My 1970s editions of The Lord of the Rings
Even geniuses do terrible first drafts
Thanks to everyone who read down to the end of the newsletter last week, and threw their hat in the ring to be an early early reader of & feedback-provider for my new book (it’s coming out June next year).
Three things have collided. First, I am writing and rewriting and re-rewriting drafts of my new book. Regular readers will know that I shared the first draft with Kendra a number of weeks ago, and she came back with some great big picture insights and structural suggestions.
I took out the chainsaw. In the course of a few hours, my manuscript went from 22k words to just over 13k. That’s a lot of sunk cost, time, and effort, and wordsmithing that’s ended up as “paper” on my “floor.” But so it goes. You only get a great book (or most anything you create) by lots of creating and a great deal of fierce editing.
Second, Amazon Prime is about to release their pre-Lord of the Rings epic, reportedly the most expensive television series ever made. Third, and related to that, I was listening to one of my new favourite podcasts, The Rest is History, talking about J. R. R. Tolkein and the Middle Earth he imagined.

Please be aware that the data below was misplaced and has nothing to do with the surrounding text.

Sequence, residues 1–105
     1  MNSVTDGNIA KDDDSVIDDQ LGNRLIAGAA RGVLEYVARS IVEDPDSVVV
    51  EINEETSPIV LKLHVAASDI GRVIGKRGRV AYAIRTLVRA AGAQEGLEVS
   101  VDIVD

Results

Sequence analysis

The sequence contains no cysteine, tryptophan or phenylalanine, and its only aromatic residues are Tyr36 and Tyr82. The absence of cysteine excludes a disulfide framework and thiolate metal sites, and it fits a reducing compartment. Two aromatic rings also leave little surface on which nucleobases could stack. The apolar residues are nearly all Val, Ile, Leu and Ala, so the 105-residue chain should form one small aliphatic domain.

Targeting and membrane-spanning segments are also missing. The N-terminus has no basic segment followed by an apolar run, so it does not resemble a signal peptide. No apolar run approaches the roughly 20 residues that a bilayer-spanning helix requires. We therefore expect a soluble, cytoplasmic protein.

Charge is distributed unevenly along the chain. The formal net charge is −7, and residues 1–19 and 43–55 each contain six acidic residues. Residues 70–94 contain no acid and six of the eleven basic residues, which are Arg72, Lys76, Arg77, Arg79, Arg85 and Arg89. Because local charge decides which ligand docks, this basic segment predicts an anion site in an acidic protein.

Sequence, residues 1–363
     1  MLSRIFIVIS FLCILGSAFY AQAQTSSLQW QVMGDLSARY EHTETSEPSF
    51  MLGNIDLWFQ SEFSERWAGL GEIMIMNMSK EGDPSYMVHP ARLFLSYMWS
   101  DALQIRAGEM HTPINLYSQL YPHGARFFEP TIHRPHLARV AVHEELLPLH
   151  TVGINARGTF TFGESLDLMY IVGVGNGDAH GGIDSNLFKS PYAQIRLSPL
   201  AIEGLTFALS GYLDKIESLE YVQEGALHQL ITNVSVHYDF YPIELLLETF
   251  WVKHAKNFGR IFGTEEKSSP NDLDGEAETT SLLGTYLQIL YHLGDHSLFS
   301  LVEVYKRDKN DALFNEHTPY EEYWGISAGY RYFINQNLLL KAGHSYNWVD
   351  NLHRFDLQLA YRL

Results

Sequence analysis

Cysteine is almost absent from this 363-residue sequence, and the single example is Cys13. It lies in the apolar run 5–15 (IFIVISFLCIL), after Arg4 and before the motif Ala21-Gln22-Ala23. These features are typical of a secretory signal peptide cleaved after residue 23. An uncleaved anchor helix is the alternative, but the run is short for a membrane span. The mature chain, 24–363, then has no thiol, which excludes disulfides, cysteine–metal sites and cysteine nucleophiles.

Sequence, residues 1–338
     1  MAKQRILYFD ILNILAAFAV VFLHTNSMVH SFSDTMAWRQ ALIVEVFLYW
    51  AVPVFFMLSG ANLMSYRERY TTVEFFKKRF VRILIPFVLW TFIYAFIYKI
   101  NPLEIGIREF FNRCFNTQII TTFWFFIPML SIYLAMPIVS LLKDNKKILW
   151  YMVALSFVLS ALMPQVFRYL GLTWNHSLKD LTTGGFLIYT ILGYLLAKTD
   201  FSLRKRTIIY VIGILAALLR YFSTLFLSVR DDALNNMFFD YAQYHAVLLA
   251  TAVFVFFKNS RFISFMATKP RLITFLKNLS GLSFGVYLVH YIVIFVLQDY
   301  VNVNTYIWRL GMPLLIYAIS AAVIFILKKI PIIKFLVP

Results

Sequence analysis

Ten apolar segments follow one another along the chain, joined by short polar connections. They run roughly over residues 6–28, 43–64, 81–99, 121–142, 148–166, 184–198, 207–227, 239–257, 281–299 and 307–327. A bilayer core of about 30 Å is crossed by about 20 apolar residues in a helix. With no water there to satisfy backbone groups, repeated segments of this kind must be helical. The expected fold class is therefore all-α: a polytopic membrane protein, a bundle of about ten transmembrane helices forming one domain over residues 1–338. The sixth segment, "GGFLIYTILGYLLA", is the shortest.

And in that podcast, I discovered that Frodo’s first-draft name was Bingo – Bingo! – while Aragorn, the returning king who is first introduced to us as Strider, was first-draft named Trotter.
Somehow “Bingo and Trotter Go Save the World” doesn’t seem like it would have really caught on.
- R. R. Tolkein had some TERRIBLE names for his characters in his first draft. But he pulled it together – no doubt feedback from his friend C. S. Lewis over a pint of ale at the Eagle and Child pub would have helped – and did OK with what he finally produced.
Wherever you are in the work you’re doing, know that there’s every chance that this is currently a draft, and it will only get better.
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